Carey said the shame is that with speed to market and manufacturing closer to home being a key sourcing strategy, “It’s very disappointing,” especially with Lenzing in the midst of building a new Tencel plant in Mobile, Alabama.
However, Carey noted there is plenty of North American distribution for the fiber with Mexico and Central America factories, and U.S. yarn and knitwear companies.
The yarn and knitwear end of the business has been where the revival of U.S. textile production has been most felt. Experts note that those businesses have been able to automate their facilities better than woven manufacturing has, and have been able to export more to factories in Central America and the Caribbean for assembly and importing back to the U.S. under preferential trade agreements.
According to the National Council of Textile Organizations, the value of U.S. man-made fiber and filament, textile and apparel shipments totaled $74.4 billion in 2016, an increase of 11 percent since 2009. Yarns and fabrics led the way with $30.3 billion in shipments. Investment in fiber, yarn, fabric and other non-apparel textile product manufacturing climbed 75 percent to $1.7 billion in 2015 from $960 million in 2009.
The U.S. imported $3.47 billion worth of blue denim trousers for the year through October, with Mexico and China the leading suppliers, according to the Commerce Department’s Office of Textiles & Apparel.
For Van Tucker, chief executive officer of the Nashville Fashion Association (NFA), the irony of the threat of the denim mill sector falling away is the importance of the fabric and jeans made from American culture.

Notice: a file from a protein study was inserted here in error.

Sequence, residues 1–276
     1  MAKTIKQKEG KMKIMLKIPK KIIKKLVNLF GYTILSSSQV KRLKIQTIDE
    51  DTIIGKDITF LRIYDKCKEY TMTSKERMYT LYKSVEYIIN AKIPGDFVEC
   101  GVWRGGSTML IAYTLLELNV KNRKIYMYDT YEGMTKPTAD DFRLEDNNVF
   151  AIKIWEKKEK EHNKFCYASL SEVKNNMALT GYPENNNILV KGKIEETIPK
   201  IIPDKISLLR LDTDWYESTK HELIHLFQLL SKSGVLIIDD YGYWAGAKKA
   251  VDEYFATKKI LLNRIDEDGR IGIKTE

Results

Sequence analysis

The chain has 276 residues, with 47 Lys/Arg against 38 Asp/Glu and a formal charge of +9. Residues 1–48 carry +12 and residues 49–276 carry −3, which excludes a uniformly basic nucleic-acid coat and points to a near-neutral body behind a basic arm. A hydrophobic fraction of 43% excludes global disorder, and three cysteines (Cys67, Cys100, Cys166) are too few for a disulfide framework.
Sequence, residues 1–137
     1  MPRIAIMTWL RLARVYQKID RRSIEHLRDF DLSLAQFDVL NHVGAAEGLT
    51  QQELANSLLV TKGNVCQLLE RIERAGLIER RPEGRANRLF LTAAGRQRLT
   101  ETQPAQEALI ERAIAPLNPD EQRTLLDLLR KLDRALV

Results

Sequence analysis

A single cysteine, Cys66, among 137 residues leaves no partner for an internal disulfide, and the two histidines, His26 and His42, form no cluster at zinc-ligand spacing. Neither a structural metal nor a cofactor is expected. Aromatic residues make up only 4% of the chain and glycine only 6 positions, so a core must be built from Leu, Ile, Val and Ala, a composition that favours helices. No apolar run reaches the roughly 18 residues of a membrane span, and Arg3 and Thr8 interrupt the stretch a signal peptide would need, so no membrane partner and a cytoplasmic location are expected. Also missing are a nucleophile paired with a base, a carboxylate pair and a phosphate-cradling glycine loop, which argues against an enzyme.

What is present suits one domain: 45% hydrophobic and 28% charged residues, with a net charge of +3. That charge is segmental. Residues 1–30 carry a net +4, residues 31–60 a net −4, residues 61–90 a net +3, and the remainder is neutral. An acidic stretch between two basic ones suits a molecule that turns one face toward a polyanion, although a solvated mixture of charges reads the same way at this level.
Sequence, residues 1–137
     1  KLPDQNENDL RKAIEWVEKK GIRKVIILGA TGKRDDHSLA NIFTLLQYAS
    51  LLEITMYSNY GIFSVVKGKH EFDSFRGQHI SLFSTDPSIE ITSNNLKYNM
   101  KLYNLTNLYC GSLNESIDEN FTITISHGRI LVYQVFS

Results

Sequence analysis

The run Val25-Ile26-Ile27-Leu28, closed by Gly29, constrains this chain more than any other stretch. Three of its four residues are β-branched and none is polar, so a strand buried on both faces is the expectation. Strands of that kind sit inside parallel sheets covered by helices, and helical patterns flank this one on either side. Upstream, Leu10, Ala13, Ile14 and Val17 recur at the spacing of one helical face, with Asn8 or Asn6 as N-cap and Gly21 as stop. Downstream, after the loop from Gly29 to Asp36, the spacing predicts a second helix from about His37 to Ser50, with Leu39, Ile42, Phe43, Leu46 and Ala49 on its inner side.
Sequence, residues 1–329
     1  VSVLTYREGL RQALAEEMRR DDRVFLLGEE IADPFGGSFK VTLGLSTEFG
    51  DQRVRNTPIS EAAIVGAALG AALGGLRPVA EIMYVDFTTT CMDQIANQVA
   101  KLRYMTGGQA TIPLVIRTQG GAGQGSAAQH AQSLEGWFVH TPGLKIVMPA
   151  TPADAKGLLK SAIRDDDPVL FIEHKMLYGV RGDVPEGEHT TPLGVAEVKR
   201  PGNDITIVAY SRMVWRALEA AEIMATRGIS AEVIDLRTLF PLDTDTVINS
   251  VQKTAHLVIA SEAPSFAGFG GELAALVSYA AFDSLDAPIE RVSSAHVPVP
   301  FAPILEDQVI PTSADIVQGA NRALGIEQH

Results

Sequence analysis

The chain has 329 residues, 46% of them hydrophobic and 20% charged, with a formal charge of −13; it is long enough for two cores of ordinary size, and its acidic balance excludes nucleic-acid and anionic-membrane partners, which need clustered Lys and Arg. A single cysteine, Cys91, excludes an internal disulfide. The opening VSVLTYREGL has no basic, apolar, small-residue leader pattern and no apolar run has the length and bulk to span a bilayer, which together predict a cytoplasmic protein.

“Nashville is the center of the music world and there’s nothing more iconic then denim and music. So, we have some brands, Too Son and Imogene + Willie, for example, that are denim brands. We have a rich history in denim manufacturing in the area, but we also recognize that denim is facing challenges. We feel like we’re in a unique position. Our location is certainly a positive. Our business-friendly environment in this region is a positive. I think there’s a great argument for the revitalization of American denim and we want it to happen here. There’s an opportunity to innovate in sustainability in denim for new investment.”
NFA members like Stony Creek Colors, which grows and makes natural indigo dyes, have an opportunity to carve out a space in the U.S. denim market.
“Denim is quintessentially American, and the opportunity has probably never been greater for us to take a step back and take a look at what the right way to move the industry forward is, and we look forward to being a part of that,” Tucker added.